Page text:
Examples of the types of irony found in the play, "The Crucible," include situational, dramatic and verbal irony. Specific examples include Proctor's recitation of the Ten Commandments, the forced confessions of witchcraft and the names of several characters in the play.
In his recitation of the Ten Commandments of the Bible, John Proctor forgets "adultery." This is ironic since he committed the sin of adultery with Abigail. By forcing the accused to confess to witchcraft, the Puritan judges in the play forced them to commit a sin by lying. One example of an ironic name is the merciless Mercy Lawless.
Situational irony occurs when there is a contrast between something that is not expected to happen but that is happening. Dramatic irony happens between the reader or audience and the character when the reader or viewer knows more about the situation than does the character. Several examples of dramatic irony are found throughout all acts of the play. Verbal irony takes place when someone says one thing but means another. This is also sometimes referred to as sarcasm.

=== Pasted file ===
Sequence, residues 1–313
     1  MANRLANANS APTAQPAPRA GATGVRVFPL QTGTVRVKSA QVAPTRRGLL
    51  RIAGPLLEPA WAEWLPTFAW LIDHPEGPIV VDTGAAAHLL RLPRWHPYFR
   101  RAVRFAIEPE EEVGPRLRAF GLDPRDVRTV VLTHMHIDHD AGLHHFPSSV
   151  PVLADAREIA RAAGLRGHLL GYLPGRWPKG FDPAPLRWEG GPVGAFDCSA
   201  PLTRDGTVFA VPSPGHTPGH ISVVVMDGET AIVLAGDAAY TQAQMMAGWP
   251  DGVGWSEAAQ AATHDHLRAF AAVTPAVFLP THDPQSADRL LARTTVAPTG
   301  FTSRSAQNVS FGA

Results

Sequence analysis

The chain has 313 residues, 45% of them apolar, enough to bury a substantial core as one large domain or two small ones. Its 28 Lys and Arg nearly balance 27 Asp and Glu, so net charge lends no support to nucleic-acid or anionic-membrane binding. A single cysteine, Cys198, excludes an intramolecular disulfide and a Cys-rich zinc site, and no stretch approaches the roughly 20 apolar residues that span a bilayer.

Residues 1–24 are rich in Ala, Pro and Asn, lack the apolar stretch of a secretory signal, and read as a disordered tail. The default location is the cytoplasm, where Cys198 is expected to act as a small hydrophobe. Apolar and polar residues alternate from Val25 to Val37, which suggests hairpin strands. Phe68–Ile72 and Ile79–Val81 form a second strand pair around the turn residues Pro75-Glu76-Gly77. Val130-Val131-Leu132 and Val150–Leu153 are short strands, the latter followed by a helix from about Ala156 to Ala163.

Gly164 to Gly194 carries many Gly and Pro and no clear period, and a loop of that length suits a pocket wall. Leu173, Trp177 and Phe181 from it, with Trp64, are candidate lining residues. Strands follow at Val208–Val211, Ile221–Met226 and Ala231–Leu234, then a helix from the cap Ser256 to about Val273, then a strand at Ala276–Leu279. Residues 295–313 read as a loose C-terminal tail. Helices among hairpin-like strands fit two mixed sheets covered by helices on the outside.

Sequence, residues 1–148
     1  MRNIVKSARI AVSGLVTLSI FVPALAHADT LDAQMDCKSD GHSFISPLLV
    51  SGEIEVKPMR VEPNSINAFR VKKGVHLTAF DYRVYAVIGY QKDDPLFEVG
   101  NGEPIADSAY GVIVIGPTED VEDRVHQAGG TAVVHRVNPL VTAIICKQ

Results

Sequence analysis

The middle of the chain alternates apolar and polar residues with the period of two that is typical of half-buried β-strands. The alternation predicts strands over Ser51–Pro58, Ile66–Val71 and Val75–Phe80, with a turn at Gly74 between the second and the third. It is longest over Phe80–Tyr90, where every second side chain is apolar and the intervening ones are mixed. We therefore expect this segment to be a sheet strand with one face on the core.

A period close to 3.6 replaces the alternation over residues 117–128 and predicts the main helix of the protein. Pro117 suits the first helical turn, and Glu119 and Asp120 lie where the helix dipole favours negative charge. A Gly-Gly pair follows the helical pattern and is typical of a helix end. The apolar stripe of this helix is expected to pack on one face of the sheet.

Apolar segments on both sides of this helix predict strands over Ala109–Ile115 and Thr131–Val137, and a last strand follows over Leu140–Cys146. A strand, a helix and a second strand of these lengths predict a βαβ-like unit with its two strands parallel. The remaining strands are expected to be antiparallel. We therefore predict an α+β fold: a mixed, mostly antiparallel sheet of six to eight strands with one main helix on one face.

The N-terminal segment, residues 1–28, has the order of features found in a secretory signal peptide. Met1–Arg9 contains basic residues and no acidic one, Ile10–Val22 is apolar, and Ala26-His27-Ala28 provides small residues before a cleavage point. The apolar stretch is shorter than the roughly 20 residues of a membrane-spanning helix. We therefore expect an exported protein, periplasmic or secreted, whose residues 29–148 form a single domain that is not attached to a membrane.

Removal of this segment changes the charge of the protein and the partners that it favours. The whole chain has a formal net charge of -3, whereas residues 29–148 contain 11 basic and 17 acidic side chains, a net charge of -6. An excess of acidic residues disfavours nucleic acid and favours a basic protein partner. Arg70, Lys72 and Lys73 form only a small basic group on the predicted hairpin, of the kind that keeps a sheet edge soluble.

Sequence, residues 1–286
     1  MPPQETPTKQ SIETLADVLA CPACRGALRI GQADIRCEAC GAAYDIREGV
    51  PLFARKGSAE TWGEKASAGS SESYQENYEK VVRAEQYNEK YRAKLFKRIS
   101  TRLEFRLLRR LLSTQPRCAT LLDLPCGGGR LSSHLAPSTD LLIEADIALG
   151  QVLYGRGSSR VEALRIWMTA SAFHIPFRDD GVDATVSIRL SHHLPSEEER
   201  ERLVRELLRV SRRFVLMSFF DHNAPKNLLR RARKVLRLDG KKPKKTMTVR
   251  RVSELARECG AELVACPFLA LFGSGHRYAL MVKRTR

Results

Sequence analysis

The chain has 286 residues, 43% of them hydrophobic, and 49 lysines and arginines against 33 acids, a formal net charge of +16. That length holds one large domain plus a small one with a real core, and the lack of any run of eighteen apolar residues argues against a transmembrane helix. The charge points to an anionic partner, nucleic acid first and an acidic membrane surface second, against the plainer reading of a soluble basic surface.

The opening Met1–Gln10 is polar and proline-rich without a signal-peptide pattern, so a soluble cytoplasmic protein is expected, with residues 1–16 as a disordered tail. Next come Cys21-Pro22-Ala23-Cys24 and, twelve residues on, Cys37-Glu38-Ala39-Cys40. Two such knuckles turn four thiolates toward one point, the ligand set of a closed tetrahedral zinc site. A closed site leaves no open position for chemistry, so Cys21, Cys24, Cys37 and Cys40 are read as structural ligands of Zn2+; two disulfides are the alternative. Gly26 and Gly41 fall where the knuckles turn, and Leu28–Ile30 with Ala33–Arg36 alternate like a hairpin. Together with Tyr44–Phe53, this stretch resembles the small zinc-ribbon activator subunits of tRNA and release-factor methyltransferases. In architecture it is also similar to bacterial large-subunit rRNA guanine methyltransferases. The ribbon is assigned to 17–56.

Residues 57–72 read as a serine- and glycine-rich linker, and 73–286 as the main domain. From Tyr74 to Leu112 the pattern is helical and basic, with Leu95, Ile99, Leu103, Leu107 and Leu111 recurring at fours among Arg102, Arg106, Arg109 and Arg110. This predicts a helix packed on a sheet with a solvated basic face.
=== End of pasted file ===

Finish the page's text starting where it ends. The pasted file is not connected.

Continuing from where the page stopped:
Arthur Miller based the play, "The Crucible," on historical facts about the Salem witch trials, though he fictionalized many aspects of the story.